It's Christmas Eve, and I'm sure many of you out there will take part in yearly traditions with your family and friends.
At the Weaver household, we will share a delicious dinner prepared by my father, eat too many cookies baked by my mother, and settle down to watch "It's a Wonderful Life." We have watched this popular holiday movie every Christmas Eve of my life and yet I'm excited to see it each year.
This year, I happened to remember an interesting story my father, Kermit Weaver, told Daily Star readers in December 1998 about this classic film. I thought, what better day to share it with everyone again? So here it is-
I'm sure most of you are familiar with the movie "It's a Wonderful Life" starring Jimmy Stewart and Donna Reed. It is no doubt one of the most popular of all Christmas movies, and without question my favorite.
But how many of you knew that one of the scenes in the movie (which was later cut out) featured a Social Security district manager?
The scene came toward the end of the movie. Uncle Billy had just lost the $8,000 bank deposit, and after searching frantically for the money, George (Jimmy Stewart) had gone home, where he broke some furniture, and yelled at his wife Mary (Donna Reed) and the kids.
But here's the scene you never saw.
While ranting and raving George looks on the table and notices a pay stub from the good old Savings and Loan. On it, he sees a deduction for FICA and recognizes it immediately as the new Social Security tax he's been paying. "I know where I have some money," he mutters.
He runs down to the Bedford Falls Social Security office and is lucky to catch the manager just closing for the night. "I need my contributions," he tells him, "I need the money now."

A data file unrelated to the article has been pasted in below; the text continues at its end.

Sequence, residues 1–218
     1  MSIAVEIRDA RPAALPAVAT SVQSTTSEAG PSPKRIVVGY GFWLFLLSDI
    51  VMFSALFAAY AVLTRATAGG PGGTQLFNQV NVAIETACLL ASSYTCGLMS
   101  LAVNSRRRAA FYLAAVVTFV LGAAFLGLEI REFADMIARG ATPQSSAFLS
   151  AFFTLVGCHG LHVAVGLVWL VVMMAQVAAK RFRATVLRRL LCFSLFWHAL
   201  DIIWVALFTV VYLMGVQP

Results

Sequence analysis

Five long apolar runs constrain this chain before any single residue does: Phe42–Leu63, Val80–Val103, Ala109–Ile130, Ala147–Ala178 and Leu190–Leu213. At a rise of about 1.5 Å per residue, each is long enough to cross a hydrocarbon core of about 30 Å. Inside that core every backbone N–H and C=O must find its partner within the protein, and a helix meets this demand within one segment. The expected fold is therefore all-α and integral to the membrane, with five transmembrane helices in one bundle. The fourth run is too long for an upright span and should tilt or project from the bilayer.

"Now George," the manger says, "you really don't have all that much money in the fund right now. After all, we've only been taking out one percent of your salary for eight years, and it only comes to about $240. Besides, you can't get the contributions back anyway. They are meant for your retirement or to protect your family in the event of your death." (That was before there was a disability program.)
And being the dedicated public servant that he was, he even computed what Mary and the kids would receive if George died. But that's when he made his mistake. Not knowing how distraught George was he added with a chuckle that famous line, "You're worth more to them dead than you are alive, George."
This, of course, sent George (still clutching Zuzu's petal) on his trip to the bridge and his meeting with Clarence, his guardian angel.
The scene never made it into the final version of the movie, but many of the ideas from it were used. And, as I'm sure you recall, that the scoundrel Potter was eventually given that famous line which was originally written for the Social Security district manager.
Who knew both Dr. Seuss (see last month's column) and Frank Capra were so aware of different Social Security issues?
It shows us that Social Security affects the lives of so many people. Please remember, while home enjoying your holiday, there is no need to leave the house to handle business with us. Simply visit www.socialsecurity.gov to apply for benefits, get an estimate of future benefits, sign up for direct deposit, or request a replacement Medicare card.
tracey L. weaver is district manager of the Oneonta office of the Social Security Administration. 'Senior Scene' columns can be found at www.thedailystar.com/seniorscene.
It's Christmas Eve, and I'm sure many of you out there will take part in yearly traditions with your family and friends.
Why did you serve?
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